Question & Answer #2. How long does it take to be profitable?

June 17,
George posted this question: “How long is the learning curve to using
options, and when can I expect to become profitable?

Hello George,

It’s important to understand that not
everyone who uses options does so to make money. Sometimes options are used as insurance to
protect the value of a stock market portfolio. As with other types of
insurance, that protection costs money and there are no profits.


But let’s assume you want to learn to adopt option
strategies to make some money.

1) The learning
curve. It doesn’t take very long (less
than one hour) to get a good understanding of what an option is and how an
option works. Thus, an investor can easily grasp the fundamental concepts of
options. But, it does take longer to fully understand one or more of the
possible strategies you can use.

There is no single best strategy for
everyone, but I recommend that you begin with covered call writing because it’s
the option strategy that is most similar to what you already  know: how to buy and sell stocks.  More importantly, this strategy is less risky
than simply buying and holding stocks. There are various places where you can
learn how to adopt  this
strategy. Of course, I recommend my
book, The Rookie’s Guide to Options, but if you search the internet, you will
find alternatives.

Once you have some practice using this
method – either with real money or in a paper trading (practice) account, you
will be ready to consider alternative methods –  strategies that involve reducing risk even further.

As to how long will it take to be
profitable using covered call writing, the answer is: how good are you are
picking stocks? Covered call writing is
a bullish strategy that increases  your
chances of earning a profit from every trade. But if you are a poor stock
picker, or if the market tumbles, you will not do well.  But fear not – there are other strategies that  cater to poor stock pickers and bear
markets. You may prefer to learn one of those instead.

2) When
profitable? Adopting the option
strategies that I recommend (and that does NOT include buying options) is
nothing like day-trading stocks. You don’t have to read charts (although it can
be helpful) or time the markets. These strategies involve holding positions for
anywhere from two weeks to a few months. If you choose strategies in which you are predicting market direction,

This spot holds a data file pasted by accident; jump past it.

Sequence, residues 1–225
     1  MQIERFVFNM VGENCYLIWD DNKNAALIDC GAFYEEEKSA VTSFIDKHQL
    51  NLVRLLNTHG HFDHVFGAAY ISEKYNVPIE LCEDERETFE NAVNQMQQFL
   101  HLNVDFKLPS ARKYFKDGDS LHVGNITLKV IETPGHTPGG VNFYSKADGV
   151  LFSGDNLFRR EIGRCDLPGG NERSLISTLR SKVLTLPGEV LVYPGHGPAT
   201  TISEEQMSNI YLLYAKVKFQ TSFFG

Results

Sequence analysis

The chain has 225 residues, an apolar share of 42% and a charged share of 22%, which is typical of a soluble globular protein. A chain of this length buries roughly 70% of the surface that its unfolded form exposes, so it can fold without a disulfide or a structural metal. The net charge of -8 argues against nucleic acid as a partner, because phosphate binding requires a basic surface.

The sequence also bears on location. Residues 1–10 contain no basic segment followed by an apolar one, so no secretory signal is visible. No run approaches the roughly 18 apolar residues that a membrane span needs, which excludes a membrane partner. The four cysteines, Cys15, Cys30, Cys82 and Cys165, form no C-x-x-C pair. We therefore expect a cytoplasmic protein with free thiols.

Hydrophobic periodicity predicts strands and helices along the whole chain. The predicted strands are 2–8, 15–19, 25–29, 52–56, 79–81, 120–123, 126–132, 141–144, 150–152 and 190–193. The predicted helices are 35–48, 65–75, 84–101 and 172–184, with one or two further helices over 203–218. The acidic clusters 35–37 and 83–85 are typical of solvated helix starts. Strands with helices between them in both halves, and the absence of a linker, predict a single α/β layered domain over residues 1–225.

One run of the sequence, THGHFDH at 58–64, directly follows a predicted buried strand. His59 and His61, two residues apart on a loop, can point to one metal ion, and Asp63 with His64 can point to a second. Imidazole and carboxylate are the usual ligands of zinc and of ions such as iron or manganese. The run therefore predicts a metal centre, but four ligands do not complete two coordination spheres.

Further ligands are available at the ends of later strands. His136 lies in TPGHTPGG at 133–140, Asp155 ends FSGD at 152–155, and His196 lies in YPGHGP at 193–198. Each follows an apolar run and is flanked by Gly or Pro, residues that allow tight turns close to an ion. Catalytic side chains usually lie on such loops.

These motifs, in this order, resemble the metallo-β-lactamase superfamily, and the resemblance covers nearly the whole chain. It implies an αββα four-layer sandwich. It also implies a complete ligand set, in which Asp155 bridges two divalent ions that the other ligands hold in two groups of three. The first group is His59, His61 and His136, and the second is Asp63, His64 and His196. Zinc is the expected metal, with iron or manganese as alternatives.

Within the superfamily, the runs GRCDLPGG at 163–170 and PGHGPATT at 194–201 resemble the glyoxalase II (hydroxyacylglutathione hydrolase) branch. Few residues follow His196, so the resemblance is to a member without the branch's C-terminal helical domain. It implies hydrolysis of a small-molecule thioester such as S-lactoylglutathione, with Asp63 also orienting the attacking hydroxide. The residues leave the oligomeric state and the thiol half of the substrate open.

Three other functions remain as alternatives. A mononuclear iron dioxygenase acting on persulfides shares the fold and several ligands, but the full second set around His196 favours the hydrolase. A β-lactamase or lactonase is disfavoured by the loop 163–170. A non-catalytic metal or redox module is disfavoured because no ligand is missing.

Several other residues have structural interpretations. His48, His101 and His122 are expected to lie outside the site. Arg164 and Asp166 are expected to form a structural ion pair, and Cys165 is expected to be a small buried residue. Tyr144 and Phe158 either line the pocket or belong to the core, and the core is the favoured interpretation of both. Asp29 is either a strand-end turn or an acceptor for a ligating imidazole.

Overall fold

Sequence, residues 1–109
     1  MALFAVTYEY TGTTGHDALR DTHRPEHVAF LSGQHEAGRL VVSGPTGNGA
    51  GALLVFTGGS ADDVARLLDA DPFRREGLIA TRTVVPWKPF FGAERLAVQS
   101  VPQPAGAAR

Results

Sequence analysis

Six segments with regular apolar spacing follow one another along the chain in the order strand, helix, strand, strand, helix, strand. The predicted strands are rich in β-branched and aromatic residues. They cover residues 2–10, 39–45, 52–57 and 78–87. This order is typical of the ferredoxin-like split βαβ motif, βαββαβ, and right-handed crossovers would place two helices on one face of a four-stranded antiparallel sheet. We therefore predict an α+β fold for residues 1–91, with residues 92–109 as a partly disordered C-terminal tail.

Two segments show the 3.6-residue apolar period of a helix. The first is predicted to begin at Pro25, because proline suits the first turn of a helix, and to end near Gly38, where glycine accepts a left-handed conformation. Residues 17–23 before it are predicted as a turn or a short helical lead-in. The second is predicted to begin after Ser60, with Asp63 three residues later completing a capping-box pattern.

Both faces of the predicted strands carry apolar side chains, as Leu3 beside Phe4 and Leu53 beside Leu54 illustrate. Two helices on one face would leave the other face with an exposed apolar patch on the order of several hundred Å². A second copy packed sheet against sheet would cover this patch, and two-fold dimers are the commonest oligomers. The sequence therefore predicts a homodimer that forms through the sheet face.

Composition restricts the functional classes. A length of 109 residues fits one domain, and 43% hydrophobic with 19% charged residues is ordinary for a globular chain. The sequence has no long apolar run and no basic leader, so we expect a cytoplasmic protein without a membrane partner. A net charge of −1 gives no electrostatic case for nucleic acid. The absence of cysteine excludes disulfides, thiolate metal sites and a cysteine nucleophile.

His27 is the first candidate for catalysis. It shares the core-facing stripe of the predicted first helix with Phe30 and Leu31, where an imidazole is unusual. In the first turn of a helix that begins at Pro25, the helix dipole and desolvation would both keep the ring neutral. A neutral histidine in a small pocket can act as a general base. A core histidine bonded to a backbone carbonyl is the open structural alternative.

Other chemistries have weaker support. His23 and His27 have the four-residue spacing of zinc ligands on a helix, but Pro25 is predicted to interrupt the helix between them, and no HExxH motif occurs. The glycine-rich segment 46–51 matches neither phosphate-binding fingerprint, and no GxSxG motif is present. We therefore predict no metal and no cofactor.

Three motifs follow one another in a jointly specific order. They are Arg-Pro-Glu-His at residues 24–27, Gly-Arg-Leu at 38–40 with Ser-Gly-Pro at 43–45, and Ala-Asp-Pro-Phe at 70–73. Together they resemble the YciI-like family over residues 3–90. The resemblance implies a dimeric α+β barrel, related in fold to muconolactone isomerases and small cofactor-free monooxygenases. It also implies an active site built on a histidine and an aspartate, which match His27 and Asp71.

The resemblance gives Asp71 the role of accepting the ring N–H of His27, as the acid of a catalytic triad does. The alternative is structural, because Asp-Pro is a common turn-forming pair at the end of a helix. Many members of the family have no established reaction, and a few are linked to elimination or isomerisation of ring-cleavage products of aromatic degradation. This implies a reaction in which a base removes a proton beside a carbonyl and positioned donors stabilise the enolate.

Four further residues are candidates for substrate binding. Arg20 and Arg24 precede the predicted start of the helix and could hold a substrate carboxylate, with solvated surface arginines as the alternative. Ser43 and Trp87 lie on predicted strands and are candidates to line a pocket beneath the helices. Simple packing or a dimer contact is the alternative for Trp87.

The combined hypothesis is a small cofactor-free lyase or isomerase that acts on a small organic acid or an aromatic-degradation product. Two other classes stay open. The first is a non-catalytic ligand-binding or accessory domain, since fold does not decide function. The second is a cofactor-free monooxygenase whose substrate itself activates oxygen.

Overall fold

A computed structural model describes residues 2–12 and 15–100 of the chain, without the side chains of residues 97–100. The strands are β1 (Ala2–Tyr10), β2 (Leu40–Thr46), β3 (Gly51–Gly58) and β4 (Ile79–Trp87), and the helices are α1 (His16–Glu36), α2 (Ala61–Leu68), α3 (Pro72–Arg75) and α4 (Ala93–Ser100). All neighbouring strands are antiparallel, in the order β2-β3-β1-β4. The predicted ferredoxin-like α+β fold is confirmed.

then your profitability depends on how skillful you are at knowing when markets
will rise and fall. If you choose strategies (recommended) that are market
neutral, you will do well most of the time, running into trouble only when the
market makes a big move. If you learn to
manage risk – an essential part of your education – you will be able to handle
problems when they arise.

Bottom line: You can be profitable from the
start of your option trading career. In
fact, if you adopt my recommended methods you will
profit most of the time. To be a
successful trader, you must be certain that you also learn how to manage risk
and keep all losses small enough to not overwhelm profits. Risk management is an important topic and
requires more time to learn than it takes to master a few option strategies.

Remember, you have your entire lifetime to
trade options. Have a little bit of
patience and begin by trading with fake money in a paper-trading account. When you feel confident that you understand
what you are doing, it’s time to trade with real money. Best of luck to you.


2 Responses to Question & Answer #2. How long does it take to be profitable?

  1. Michael S. 06/24/2008 at 6:01 AM #

    I have followed a strategy where I will close a position if I have more than a 6-7% loss. Is it right to say that it’s better to set a maxinum of 6-7% on the stop loss? On the other hand, what do you recommend as a good exit point to lock in profits? Would 8 percent be alright or do you believe that is getting greedy? Thanks!

  2. Mark Wolfinger 06/24/2008 at 6:42 AM #

    When trading options, it not easy to decide how much of a loss is reasonable before closing a position. To me the decision should be based on the risk/reward potential of the current position and the likelihood of attaining a profit if you continue to hold.
    When you buy options, it’s even more precarious. Time decay works against you and if your stock does not move in the right direction quickly, your option decreases in value. Unless your expectation for the stock has changed, it’s difficult to sell the option just because time has passed.
    Because buying options is a very difficult path to making money and most option buyers have more losing trades than winners, I’d say that 8% is far too little to accept as a profit goal. I don’t have any number to suggest because your goal should be to trade withing your comfort zone. But, if insist on buying options, give yourself a chance to be an overall winner and accepting 8% gains will not do it for you.
    When selling options, it’s crucial not to allow losses to hurt. If 6-7% loss works for you, that’s ok. But it’s going to mean closing out a lot of positions too soon. You should give yourself more room in my opinion. But it’s your money and you must be comfortable with the risk/reward profile of your portfolio. Selling options leads to more frequent profits than buying options, so it’s a good idea to close profitable trades before expiration arrives. But, 8% feels too low to me. I’d be more inclined to look for 50% or more of the premium to erode before closing – unless the underlying stock has moved enough to make you uncomfortable with the risk of continuing to hold.